Scientists Explain How A Protein Helps Plants "Muscle Up" Bacteria in the ColdJanuary 31, 2018
A study conducted by scientists from Michigan State University has provided details on how a plant protein, called CAMTA, helps plants strengthen themselves as they anticipate long periods of cold, such as three to four months of winter in the American midwest or northern Europe.
CAMTA proteins, which are universally found in plants, help turn on genes that communicate freezing tolerance to plants. In the study, CAMTA proteins were observed to also control how plants defend against harmful bacteria under long-term cold conditions. It was found that in the cold, plants build up high levels of salicylic acid (SA), a compound that protects them against bacteria.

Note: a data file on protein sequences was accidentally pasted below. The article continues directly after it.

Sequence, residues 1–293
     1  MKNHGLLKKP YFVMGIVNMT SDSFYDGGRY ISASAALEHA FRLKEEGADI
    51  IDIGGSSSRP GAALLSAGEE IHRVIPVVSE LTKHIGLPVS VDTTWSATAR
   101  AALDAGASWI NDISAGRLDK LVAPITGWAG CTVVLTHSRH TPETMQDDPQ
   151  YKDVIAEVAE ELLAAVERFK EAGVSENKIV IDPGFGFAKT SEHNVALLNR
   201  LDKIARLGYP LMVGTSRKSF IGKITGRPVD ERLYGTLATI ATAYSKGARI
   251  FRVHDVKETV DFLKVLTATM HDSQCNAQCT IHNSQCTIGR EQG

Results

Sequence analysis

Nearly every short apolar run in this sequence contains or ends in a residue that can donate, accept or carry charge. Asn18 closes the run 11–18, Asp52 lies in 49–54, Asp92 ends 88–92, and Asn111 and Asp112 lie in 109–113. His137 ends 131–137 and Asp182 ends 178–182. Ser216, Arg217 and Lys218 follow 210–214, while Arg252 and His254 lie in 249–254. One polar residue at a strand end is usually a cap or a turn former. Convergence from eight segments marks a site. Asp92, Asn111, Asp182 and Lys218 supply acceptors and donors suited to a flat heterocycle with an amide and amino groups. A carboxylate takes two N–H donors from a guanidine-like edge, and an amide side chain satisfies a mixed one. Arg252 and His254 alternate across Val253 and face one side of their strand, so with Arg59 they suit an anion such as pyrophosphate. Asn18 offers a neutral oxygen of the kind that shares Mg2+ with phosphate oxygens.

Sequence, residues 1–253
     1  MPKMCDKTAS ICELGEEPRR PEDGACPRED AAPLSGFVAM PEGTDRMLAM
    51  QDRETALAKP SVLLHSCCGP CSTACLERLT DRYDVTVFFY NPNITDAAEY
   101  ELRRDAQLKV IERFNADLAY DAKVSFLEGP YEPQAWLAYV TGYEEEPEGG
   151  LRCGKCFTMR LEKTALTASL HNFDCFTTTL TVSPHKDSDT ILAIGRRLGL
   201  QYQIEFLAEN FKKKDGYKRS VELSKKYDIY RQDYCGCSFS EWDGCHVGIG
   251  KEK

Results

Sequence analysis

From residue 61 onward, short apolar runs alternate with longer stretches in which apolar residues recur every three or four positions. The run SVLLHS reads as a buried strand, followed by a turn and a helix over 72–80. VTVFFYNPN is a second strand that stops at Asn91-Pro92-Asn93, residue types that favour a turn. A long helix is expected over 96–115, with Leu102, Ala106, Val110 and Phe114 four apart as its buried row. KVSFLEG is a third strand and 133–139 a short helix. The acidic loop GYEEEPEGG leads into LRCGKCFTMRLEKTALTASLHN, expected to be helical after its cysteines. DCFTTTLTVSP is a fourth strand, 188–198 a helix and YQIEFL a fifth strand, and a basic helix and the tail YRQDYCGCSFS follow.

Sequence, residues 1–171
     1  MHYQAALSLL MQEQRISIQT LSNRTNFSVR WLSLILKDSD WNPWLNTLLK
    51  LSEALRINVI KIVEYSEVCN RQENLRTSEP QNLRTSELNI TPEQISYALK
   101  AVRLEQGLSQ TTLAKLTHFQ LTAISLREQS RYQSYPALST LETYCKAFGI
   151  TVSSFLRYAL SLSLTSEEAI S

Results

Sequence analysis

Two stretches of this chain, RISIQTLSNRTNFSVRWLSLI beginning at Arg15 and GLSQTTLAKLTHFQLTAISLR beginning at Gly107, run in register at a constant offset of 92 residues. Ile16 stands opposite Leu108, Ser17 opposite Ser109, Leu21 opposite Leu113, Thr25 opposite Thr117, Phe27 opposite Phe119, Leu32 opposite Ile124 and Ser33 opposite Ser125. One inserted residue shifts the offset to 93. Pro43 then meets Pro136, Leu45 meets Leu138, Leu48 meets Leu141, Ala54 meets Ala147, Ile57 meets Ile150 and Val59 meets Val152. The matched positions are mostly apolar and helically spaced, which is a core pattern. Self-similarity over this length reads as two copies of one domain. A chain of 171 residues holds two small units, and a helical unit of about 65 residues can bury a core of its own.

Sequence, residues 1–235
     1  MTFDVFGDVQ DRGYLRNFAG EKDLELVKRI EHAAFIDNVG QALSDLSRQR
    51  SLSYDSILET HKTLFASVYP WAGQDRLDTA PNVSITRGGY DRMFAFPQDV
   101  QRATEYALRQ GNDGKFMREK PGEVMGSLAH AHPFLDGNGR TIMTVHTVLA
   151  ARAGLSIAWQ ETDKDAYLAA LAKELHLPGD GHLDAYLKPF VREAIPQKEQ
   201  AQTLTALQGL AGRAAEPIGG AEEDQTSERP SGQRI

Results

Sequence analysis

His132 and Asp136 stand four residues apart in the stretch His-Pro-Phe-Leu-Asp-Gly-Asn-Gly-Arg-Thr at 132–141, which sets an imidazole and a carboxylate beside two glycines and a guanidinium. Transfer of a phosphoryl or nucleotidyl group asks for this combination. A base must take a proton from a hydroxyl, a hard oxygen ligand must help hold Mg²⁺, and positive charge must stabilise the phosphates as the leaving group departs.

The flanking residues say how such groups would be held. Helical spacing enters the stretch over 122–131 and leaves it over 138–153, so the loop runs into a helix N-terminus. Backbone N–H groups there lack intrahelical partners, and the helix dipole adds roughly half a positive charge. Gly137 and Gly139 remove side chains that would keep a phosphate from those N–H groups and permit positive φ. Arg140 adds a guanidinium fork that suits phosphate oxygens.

During long periods of cold temperature, an unknown signal is generated that modifies CAMTA to turn on SA production. In that case, the C-terminus, or the bottom of an amino acid chain that is stopped by a free carboxyl group, detects the signal -- possibly a rise in cellular calcium levels -- that enables SA biosynthesis. This observation reverses current accepted models, which propose instead that the C-terminus blocked SA production.
For more details, read the MSUToday.
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